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Navy to Hold OLF Public Hearings

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The Navy will host six public hearings on its plan to build an outlying anding field in eastern North Carolina.

Each scheduled public hearing will be preceded by an open information session to allow interested individuals to review the plan. Navy representatives will be available during the information sessions.

Each information session will occur from 4:30 p.m. to 6:30 p.m., followed by the formal public hearing from 7:00 p.m. to 10:00 p.m.

Those wishing to speak at the public hearing should arrive early to sign up. Speakers will be heard on a first come first served basis.

Public hearings have been scheduled at the following dates and locations:

  • Monday, March 19: Mattamuskeet Elementary School, 60 Juniper Bay Road, Swan Quarter, N.C.
  • Tuesday, March 20: Bertie High School, 715 U.S. Highway 13 North, Windsor, N.C.
  • Wednesday, March 21: Perquimans County High School, 305 Edenton Road, Hertford, N.C.
  • Thursday, March 22: Craven County Community College, Orringer Hall, 800 College Court, New Bern, N.C.
  • Tuesday, April 3: Beaufort Community College, 5337 U.S. Highway 264 East, Washington, N.C.
  • Wednesday, April 4: Vernon G. James Research and Extension Center, North Carolina State University, 207 Research Station Road, Plymouth, N.C.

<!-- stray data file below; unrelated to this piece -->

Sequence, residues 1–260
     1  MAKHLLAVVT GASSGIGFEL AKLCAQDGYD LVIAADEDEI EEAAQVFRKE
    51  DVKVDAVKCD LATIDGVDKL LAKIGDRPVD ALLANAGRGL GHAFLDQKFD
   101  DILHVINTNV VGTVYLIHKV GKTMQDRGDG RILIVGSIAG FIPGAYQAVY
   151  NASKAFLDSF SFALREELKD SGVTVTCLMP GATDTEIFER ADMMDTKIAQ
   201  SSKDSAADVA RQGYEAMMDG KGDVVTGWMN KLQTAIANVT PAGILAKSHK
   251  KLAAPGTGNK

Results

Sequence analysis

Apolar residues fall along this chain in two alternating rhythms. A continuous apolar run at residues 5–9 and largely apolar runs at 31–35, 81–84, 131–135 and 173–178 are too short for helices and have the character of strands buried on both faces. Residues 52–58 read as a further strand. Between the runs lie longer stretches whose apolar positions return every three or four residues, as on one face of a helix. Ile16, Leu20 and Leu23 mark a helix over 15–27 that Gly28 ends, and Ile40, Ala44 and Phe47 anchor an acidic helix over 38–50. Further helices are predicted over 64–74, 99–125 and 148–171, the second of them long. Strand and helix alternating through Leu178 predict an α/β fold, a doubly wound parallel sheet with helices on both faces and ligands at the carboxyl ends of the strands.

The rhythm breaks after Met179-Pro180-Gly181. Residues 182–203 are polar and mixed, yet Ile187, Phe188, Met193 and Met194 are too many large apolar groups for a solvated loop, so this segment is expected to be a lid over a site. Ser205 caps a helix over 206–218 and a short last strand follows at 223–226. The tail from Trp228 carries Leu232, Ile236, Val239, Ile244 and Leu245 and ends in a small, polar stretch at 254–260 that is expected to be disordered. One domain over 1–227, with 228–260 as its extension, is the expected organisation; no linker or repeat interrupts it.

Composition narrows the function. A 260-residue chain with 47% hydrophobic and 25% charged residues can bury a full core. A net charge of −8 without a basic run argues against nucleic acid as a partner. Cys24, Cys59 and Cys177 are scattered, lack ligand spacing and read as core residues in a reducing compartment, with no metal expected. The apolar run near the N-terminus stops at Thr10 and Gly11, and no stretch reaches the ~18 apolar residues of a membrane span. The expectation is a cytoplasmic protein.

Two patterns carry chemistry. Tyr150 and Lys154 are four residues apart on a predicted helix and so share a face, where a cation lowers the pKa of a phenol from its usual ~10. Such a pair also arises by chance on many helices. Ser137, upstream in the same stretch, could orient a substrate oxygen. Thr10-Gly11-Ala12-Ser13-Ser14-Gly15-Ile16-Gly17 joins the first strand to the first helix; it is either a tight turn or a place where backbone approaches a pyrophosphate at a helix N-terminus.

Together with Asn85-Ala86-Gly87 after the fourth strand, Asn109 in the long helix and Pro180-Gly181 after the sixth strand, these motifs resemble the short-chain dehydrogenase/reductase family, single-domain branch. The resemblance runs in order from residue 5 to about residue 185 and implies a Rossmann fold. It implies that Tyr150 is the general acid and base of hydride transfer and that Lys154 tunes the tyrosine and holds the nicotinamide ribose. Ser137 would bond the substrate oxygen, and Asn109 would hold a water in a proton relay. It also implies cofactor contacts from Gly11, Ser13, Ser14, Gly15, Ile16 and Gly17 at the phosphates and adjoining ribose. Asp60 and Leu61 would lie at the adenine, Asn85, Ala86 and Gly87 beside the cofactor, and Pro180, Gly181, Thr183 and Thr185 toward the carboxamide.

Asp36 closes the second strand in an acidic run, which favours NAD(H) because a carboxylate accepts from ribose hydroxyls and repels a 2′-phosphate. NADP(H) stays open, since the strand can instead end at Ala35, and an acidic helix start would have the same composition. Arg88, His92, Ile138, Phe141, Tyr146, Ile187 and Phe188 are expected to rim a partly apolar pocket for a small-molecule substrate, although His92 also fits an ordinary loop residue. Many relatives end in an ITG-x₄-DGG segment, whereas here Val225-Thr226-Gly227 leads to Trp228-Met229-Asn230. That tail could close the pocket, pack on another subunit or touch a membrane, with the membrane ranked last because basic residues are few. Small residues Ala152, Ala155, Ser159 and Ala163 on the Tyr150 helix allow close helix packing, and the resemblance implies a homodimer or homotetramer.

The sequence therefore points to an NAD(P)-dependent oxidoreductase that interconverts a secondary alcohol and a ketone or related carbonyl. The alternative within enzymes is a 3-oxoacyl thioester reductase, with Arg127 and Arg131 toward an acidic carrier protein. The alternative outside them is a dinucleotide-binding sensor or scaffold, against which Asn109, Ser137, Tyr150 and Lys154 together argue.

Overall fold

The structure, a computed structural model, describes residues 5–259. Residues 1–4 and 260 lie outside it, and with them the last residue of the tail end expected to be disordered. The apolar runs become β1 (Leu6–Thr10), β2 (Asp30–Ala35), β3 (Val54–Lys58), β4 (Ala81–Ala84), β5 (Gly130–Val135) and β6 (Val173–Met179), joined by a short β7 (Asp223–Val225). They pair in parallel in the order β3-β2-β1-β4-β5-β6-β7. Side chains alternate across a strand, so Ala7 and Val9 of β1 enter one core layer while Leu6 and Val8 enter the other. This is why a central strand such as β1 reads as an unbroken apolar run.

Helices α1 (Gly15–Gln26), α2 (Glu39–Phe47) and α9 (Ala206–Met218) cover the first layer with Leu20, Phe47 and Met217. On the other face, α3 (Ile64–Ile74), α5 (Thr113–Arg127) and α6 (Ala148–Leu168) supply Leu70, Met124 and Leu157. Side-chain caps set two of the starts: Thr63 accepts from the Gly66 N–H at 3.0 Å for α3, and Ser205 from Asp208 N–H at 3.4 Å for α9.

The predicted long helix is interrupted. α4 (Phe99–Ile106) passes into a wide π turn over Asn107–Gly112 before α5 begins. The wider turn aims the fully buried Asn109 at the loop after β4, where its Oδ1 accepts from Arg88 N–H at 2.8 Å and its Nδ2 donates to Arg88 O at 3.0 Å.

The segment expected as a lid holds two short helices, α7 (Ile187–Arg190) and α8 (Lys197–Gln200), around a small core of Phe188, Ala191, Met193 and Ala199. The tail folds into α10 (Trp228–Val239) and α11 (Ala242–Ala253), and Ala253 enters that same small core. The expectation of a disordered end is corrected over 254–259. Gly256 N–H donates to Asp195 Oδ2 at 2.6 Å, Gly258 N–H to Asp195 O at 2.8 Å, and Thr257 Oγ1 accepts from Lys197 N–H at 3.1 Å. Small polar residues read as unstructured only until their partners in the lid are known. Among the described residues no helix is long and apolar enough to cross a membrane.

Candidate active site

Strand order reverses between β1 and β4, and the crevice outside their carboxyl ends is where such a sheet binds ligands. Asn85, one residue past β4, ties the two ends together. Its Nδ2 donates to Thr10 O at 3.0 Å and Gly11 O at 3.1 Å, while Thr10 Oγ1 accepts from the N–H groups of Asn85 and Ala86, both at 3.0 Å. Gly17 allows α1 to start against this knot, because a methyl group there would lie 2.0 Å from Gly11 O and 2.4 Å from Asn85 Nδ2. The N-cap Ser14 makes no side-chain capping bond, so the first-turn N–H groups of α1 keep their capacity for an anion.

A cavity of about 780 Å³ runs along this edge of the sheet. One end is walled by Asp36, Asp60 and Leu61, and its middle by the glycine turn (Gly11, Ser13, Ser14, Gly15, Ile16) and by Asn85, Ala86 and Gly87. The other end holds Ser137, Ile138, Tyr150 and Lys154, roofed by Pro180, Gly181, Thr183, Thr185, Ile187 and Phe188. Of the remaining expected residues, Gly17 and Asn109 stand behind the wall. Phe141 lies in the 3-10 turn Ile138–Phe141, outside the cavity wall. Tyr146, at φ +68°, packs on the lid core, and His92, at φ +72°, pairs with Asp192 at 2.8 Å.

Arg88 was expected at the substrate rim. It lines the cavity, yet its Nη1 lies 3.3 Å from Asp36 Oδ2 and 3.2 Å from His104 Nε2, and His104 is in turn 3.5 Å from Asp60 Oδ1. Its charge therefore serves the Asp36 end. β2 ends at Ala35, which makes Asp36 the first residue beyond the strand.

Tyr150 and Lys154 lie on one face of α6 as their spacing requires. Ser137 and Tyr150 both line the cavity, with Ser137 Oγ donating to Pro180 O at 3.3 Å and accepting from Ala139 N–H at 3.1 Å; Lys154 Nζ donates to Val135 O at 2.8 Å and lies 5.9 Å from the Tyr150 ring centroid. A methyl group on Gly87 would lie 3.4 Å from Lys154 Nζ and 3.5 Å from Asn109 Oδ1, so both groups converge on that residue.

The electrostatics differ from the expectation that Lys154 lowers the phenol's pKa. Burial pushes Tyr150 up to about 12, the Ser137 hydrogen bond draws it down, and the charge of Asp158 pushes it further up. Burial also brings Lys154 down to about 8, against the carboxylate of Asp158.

Environmentalists say the Navy has ignored the dangers of putting jet aircraft in the same airspace with thousands of waterfowl that spend the winter at Pocosin Lakes Wildlife Refuge. The area also supports a growing population of endangered red wolves.

The Navy favors the site in Washington and Beaufort counties that's about five miles from the refuge because it's close to both Oceana Naval Air Station in Virginia and Cherry Point Marine Corps Air Station in Havelock, where squadrons of Super Hornet fighter jets would be based.

Pilots now train at an auxiliary landing field near Oceana, but that field is crowded by development.

To build the airfield, the government would have to buy out several area farmers and fend off tens of thousands of large migratory waterfowl that winter in the region. The U.S. Agriculture Department says bird flocks could be controlled with fireworks, chemical repellents and dogs. If those tactics don't work, according to the report attached to the Navy's latest environmental study of the site, the department recommends using poison and guns to kill the birds.

Last month, Gov. Mike Easley called on Congress to block $10 million for the airfield site that the Department of Defense requested for next year's budget.

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